Monthly Archives: March 2015

Out and About: BBA Budget Excursions

Since Governor Charlie Baker released his state budget proposal at the beginning of this month, funding the Massachusetts Legal Assistance Corporation line item below its original FY15 amount, we’ve increased our focus on Legislative meetings, trying to meet with as many legislators as possible before the House and Senate file their own versions of the budget.  , Thus far, we have held meetings with House Speaker Robert DeLeo, Senate President Stanley Rosenberg, House Ways and Means Chair Brian Dempsey, House Speaker Pro Tempore Patricia Haddad, Senate Judiciary Chair William Brownsberger, Senate Minority Leader Bruce Tarr, and others.  And by the time the two houses begin to debate the budget, we plan to have met with legislators or staffers from the following offices:

  • Representative Ronald Mariano (House Majority Leader)
  • Representative Byron Rushing (House Assistant Majority Leader)
  • Representative Garrett Bradley (House Second Assistant Majority Leader)
  • Representative Michael Moran (House Division Chair)
  • Representative John Fernandes (House Judiciary Chair)
  • Representative Aaron Michlewitz (House Financial Services Chair)
  • Senator Sal DiDomenico (Vice-Chair, Senate Ways and Means)
  • Senator Pat Jehlen (Assistant Vice Chair, Senate Committee on Ways and Means)
  • Senator Harriette Chandler (Senate Majority Leader)
  • Senator Cindy Creem (Senate Assistant Majority Leader)
  • Senator Anthony Petruccelli (Senate Majority Whip)
  • Senator Kenneth Donnelly (Senate Assistant Majority Whip)

As of this post, we have met with ten of the above twelve listed legislators, and their reactions have been overwhelmingly positive.  Most are well versed in the issues that have put a major strain on legal services providers – the drop in IOLTA funds and the increase in poor population – and have been long-time supporters of legal-aid funding.  Many knew firsthand of constituents whom they referred to legal services providers.  While all reminded us that this year’s budget situation is unusually bleak due to the massive deficit, we have heard repeatedly that our message on the investment value of legal-aid funding is getting through, and that, once again, many members are flagging the line-item for the Massachusetts Legal Assistance Corporation (MLAC) as one of their top budget priorities.

The next step in the budget process comes from the House Ways and Means Committee, which is expected to release its budget on April 15.  The Senate’s budget will likely come out in May.  We still hope to see a major increase for civil legal aid funding, and will keep you posted on the process.

In the meantime, the Ways and Means Committees of each house have been holding joint hearings across the state, each on a different part of the budget.  Wednesday’s hearing in Worcester focused on the judiciary budget, taking testimony from the likes of Chief Justice of the SJC Ralph Gants, most of the state’s district attorneys, Chief Counsel Anthony Benedetti of the Committee for Public Counsel Services (CPCS), and MLAC Executive Director Lonnie Powers.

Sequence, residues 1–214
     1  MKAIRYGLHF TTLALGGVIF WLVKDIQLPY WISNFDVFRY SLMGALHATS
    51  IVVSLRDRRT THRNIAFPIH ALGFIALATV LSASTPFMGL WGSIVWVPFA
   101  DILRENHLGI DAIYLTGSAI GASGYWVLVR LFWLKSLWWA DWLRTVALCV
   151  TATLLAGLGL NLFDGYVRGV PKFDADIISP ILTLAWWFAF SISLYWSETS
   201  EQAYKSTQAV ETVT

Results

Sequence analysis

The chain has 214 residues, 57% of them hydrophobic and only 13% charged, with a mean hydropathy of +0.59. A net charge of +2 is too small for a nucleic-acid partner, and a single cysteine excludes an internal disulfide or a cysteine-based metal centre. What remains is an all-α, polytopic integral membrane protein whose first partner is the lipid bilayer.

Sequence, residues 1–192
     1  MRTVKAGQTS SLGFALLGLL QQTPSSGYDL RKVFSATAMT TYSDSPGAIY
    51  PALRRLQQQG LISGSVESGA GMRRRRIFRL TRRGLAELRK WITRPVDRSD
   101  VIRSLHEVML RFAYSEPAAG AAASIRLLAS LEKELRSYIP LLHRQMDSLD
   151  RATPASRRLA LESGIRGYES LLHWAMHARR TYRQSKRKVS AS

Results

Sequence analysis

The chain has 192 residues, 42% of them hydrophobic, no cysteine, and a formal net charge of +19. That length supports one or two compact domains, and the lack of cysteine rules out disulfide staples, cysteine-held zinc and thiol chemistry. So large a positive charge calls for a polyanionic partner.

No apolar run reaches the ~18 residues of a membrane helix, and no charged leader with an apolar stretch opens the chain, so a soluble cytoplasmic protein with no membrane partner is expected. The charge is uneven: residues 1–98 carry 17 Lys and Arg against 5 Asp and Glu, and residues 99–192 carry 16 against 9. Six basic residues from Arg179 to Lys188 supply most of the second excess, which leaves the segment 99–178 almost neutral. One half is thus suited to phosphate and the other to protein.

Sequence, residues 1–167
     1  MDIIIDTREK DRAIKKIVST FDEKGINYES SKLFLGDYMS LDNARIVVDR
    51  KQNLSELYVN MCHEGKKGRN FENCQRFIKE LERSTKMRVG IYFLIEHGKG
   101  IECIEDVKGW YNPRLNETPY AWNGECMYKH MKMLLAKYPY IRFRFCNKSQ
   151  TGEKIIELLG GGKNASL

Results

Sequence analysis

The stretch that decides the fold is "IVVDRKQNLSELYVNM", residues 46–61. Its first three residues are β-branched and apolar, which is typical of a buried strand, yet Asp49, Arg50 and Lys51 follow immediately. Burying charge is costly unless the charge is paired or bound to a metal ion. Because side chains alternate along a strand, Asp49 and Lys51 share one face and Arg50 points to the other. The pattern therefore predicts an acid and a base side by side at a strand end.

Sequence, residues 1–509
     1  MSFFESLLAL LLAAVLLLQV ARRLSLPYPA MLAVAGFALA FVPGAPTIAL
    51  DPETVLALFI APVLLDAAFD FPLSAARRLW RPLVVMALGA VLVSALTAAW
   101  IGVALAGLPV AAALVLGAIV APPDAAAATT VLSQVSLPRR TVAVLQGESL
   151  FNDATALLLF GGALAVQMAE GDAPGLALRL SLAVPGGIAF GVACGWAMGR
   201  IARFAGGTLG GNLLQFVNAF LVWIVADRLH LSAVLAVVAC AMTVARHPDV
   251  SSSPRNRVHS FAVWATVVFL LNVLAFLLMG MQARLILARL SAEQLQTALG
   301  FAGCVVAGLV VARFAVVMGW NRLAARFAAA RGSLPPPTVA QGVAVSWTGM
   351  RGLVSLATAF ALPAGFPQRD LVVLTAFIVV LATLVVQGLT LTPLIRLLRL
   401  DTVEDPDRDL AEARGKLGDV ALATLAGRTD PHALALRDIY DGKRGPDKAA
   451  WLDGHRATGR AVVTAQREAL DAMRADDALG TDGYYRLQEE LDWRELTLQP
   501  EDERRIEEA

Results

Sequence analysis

Chief Justice Gants told Committee members that the Governor’s budget plan would effectively cut $40M from the $642M that the courts would need simply to maintain existing levels of service.  The impact would be devastating to the delivery of justice, he warned, which “must be among the highest priorities of government.”  Layoffs of hundreds of court employees would be required, and the overall effect would be to undermine recent reforms and efficiencies that have been made possible by a stabilization in court budget levels after sustaining disproportionate cuts in the wake of the Great Recession.

Trial Court Administrator Harry Spence noted that, by law, courthouses cannot be closed without legislative approval, yet without proper funding, there may not be enough staff to keep all of them operating at sufficient levels.  Paula Carey, Chief Justice of the Trial Court, called the courts “ground zero” for society’s problems, saying, “We see the sea of humanity.”  The epidemic of opioid addiction has hit the courts particularly hard, with some overdosing on court property.  The courts, she said, are also hard at work implementing new laws on domestic violence and gun possession, and they will need money to conduct on-line education for staff.

Their testimony also covered two key BBA priorities that came up short in the Governor’s budget: expansion of the Housing Court to offer statewide jurisdiction, and expansion of the successful specialty courts for mental health, substance abuse, veterans, and the homeless.

Although DA’s and CPCS generally line up on opposite sides of the courthouse, they were in complete agreement on one point at the hearing: They are unable to attract and retain new attorneys at current funding levels.  Both pointed to the report last December from a commission established by former Governor Deval Patrick, which emphasized the embarrassingly low starting salaries for ADA’s and public defenders – about $40,000 for each – and recommended instead a minimum of about $56,000 for each, to match the lowest-paid attorneys in the executive branch.